“The Dry Cleaners industry in Canada is expected to experience challenging operating conditions as downstream demand for industry services remains suppressed due to pandemic-related disruptions and altered work arrangements. Many smaller operators may be forced to exit the industry due to the financial burdens created by the COVID-19 (coronavirus) pandemic.”
In contrast to investor reports, statistics gathered by Statistics Canada are more cut-and-dried (and often harder to interpret).
NOTE: The numbers available from Statistics Canada on dry cleaning are “as of 2020”. Though the COVID situation makes much of that out-of-date, it is also striking to see where the industry was in 2020, compared to where IBISWorld estimates it is as of late last year. Shrinkage has been great.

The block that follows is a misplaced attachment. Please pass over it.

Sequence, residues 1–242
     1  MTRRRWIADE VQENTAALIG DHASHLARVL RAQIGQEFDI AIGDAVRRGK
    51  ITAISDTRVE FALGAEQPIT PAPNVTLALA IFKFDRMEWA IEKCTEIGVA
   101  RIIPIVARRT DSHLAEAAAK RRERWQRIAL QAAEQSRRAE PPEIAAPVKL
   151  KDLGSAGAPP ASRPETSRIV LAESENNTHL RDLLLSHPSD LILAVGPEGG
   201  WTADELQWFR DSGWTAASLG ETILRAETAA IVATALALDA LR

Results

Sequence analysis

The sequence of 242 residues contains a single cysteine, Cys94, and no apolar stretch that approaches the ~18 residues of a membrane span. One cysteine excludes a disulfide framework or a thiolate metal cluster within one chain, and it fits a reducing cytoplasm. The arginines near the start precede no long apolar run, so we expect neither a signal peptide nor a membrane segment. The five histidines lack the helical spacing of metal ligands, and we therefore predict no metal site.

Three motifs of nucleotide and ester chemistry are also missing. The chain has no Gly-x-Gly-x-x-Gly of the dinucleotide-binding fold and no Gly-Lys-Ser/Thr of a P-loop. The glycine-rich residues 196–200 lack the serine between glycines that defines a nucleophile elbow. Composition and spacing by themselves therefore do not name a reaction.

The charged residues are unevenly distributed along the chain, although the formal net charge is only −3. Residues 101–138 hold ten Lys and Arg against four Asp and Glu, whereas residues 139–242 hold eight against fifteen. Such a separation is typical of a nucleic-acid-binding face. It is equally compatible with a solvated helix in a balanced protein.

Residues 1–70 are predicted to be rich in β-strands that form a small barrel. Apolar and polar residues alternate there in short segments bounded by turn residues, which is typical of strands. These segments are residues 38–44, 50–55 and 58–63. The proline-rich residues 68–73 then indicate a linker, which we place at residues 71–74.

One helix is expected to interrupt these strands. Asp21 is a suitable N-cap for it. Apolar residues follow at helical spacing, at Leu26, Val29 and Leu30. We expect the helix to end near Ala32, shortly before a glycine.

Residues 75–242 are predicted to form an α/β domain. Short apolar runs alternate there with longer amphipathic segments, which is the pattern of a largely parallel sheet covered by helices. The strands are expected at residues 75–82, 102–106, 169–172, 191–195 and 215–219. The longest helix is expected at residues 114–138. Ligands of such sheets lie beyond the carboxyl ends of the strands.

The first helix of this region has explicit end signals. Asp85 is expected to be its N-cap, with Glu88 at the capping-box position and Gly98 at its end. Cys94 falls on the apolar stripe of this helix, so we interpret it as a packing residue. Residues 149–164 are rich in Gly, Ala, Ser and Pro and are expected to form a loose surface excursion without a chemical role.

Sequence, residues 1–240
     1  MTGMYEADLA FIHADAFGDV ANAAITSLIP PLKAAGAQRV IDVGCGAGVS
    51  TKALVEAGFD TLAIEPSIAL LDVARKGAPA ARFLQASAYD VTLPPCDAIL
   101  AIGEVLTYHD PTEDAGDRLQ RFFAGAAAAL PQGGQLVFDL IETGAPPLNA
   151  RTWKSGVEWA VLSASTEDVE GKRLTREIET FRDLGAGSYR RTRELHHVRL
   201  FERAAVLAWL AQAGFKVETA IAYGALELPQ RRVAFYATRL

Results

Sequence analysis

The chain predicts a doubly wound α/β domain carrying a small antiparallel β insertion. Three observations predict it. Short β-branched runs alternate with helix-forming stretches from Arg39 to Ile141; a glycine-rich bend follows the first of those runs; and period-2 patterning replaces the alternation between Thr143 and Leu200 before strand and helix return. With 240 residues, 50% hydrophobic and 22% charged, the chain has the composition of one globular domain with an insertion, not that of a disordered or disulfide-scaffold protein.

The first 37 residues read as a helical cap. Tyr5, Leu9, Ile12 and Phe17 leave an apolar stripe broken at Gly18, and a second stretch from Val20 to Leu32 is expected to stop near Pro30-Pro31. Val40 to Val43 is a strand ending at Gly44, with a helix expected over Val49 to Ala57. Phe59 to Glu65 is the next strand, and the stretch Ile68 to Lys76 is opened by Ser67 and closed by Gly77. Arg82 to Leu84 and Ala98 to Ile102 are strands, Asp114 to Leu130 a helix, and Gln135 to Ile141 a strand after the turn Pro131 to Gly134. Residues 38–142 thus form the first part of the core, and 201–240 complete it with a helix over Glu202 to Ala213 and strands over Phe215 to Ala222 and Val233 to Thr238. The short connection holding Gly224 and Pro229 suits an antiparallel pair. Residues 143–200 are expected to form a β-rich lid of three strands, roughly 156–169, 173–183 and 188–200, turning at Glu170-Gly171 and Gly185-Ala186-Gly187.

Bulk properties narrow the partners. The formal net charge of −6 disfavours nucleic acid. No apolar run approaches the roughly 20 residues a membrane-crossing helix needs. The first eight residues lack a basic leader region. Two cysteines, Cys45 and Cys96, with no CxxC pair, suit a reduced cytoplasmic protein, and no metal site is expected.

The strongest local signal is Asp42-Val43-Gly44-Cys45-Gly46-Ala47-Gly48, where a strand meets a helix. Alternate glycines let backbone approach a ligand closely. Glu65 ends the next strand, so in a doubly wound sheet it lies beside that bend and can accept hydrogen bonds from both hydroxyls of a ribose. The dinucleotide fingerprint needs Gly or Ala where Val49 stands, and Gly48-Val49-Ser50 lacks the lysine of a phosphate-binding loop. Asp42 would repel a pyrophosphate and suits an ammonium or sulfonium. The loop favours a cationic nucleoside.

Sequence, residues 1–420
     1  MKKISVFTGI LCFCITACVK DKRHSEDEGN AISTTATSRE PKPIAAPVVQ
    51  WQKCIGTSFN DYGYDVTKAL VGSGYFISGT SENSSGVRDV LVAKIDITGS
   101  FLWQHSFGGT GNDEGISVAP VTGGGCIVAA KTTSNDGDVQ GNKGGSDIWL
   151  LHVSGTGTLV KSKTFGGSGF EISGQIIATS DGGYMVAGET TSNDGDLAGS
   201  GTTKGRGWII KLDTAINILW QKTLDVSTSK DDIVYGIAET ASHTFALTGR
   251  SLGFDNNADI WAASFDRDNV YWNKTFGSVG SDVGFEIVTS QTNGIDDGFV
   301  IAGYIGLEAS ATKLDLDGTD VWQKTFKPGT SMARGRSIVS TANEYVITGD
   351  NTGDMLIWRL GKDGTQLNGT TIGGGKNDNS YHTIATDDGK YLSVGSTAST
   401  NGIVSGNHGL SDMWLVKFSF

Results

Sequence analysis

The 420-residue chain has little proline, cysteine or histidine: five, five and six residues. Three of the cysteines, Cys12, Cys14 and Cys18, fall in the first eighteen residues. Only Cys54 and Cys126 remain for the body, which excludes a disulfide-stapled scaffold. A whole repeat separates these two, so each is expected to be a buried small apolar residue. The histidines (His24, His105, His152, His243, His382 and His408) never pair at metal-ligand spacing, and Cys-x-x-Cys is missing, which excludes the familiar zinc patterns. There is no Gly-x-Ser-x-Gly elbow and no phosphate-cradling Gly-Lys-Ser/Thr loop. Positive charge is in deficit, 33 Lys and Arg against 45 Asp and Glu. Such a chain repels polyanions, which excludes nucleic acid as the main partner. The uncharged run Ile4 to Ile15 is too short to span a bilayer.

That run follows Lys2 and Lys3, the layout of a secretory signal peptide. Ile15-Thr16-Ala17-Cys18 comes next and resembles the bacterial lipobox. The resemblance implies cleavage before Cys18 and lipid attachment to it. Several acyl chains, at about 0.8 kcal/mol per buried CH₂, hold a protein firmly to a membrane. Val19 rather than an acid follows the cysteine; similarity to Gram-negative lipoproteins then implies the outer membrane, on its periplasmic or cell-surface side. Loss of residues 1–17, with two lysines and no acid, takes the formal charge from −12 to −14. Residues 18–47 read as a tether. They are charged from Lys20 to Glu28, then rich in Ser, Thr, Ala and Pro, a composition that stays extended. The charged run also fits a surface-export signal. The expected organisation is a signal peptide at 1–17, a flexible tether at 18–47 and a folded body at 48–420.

Statistics Canada divides dry cleaners into “employers” and “non-employers/indeterminant” meaning they counted those with payroll withholding differently from those without. That doesn’t mean these companies didn’t have employees (they may well have had contract laborers), but that taxes were not withheld for them. We’ve combined these two numbers below to show the size of the industry before COVID caused such havoc.
As of 2020:
- Number of companies: 2238 (employers) + 2145 (non-employers/indeterminant) = 4383
- Ontario: 1002 + 1242 = 2244
- Quebec: 447 + 419 = 866
- British Columbia: 316 + 225 = 541
- Alberta: 299 + 149 = 448
- Manitoba: 58 + 37 = 95
- Saskatchewan: 48 + 26 = 74